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1 February 2008 Beyond Urban Legends: An Emerging Framework of Urban Ecology, as Illustrated by the Baltimore Ecosystem Study
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The emerging discipline of urban ecology is shifting focus from ecological processes embedded within cities to integrative studies of large urban areas as biophysical-social complexes. Yet this discipline lacks a theory. Results from the Baltimore Ecosystem Study, part of the Long Term Ecological Research Network, expose new assumptions and test existing assumptions about urban ecosystems. The findings suggest a broader range of structural and functional relationships than is often assumed for urban ecological systems. We address the relationships between social status and awareness of environmental problems, and between race and environmental hazard. We present patterns of species diversity, riparian function, and stream nitrate loading. In addition, we probe the suitability of land-use models, the diversity of soils, and the potential for urban carbon sequestration. Finally, we illustrate lags between social patterns and vegetation, the biogeochemistry of lawns, ecosystem nutrient retention, and social-biophysical feedbacks. These results suggest a framework for a theory of urban ecosystems.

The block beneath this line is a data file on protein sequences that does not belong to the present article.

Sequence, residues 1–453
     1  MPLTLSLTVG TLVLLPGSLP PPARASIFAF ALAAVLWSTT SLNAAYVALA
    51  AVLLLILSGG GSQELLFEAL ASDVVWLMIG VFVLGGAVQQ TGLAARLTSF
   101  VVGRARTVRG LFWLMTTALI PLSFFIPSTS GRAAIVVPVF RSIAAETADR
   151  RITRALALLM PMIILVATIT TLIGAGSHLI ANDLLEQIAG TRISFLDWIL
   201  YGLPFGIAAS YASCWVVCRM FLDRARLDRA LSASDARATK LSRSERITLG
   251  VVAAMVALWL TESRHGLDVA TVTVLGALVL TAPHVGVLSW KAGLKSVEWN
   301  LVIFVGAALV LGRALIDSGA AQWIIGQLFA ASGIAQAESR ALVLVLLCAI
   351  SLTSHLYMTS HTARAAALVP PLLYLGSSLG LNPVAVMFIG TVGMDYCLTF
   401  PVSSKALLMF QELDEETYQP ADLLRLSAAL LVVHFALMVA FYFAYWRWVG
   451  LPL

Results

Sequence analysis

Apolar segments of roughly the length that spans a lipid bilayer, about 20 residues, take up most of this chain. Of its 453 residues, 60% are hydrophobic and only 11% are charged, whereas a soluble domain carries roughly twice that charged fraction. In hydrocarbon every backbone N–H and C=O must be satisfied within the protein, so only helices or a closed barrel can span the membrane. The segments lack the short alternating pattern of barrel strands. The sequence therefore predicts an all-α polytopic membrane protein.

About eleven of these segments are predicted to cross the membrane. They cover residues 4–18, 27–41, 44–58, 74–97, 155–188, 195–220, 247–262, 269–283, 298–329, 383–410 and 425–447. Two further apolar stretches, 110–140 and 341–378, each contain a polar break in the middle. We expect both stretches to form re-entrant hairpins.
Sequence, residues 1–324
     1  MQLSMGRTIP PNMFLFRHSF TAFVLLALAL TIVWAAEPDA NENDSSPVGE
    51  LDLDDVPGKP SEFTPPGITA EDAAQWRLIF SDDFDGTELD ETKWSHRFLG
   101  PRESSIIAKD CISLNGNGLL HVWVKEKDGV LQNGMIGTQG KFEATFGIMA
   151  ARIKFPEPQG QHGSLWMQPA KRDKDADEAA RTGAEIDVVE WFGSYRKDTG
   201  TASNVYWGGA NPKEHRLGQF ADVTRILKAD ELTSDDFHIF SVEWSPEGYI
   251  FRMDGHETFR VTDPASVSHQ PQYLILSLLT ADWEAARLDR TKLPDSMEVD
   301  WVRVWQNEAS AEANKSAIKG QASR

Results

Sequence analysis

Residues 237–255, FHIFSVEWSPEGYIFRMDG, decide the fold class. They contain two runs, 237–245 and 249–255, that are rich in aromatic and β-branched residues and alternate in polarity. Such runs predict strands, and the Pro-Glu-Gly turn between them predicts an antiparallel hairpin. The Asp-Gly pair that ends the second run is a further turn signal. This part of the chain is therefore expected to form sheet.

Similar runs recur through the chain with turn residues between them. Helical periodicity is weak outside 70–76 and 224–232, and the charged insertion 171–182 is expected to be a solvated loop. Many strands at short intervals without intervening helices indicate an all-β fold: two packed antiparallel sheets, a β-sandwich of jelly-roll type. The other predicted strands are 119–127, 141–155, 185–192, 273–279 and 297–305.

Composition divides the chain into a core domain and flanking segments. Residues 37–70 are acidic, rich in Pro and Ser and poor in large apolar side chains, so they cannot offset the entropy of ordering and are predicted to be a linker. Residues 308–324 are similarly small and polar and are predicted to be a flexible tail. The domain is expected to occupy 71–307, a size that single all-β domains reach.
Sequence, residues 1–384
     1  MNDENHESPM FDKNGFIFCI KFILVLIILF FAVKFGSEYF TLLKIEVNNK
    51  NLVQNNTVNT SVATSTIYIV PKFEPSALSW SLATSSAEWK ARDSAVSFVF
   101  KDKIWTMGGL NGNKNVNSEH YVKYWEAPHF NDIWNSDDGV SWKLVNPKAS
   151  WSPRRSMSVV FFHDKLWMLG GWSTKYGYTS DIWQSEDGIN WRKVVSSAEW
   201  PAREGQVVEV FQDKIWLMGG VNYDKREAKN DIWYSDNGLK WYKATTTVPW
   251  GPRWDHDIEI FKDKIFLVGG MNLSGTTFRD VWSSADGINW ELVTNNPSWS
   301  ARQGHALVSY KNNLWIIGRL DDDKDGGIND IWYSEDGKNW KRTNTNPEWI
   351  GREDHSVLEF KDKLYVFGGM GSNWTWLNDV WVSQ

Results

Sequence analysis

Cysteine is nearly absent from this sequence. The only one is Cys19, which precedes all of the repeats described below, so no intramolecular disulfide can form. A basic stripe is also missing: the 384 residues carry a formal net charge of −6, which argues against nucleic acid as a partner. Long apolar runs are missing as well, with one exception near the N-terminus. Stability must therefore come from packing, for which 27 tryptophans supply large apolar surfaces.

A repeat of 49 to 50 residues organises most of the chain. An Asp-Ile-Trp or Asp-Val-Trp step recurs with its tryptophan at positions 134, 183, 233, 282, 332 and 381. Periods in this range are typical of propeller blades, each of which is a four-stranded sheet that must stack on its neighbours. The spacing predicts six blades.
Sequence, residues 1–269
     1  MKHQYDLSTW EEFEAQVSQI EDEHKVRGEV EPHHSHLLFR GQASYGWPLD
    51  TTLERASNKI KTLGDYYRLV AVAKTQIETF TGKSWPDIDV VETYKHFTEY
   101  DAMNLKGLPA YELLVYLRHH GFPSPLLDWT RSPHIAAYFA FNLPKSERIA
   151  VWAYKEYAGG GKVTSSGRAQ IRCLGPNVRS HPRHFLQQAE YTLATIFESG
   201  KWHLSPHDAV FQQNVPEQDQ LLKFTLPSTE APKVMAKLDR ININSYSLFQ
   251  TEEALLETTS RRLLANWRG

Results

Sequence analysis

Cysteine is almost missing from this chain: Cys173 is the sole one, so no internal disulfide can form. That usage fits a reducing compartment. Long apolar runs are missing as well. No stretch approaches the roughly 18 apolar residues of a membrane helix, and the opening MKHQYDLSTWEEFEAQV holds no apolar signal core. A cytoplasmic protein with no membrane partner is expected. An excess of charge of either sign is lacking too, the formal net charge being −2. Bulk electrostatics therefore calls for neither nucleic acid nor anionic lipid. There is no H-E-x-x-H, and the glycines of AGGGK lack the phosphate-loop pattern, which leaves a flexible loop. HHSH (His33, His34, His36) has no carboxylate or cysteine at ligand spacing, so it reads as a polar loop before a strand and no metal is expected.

Steward T. A. Pickett, Mary L. Cadenasso, J. Morgan Grove, Peter M. Groffman, Lawrence E. Band, Christopher G. Boone, William R. Burch, C. Susan B. Grimmond, John Hom, Jennifer C. Jenkins, Neely L. Law, Charles H. Nilon, Richard V. Pouyat, Katalin Szlavecz, Paige S. Warren, and Matthew A. Wilson "Beyond Urban Legends: An Emerging Framework of Urban Ecology, as Illustrated by the Baltimore Ecosystem Study," BioScience 58(2), 139-150, (1 February 2008).
Published: 1 February 2008

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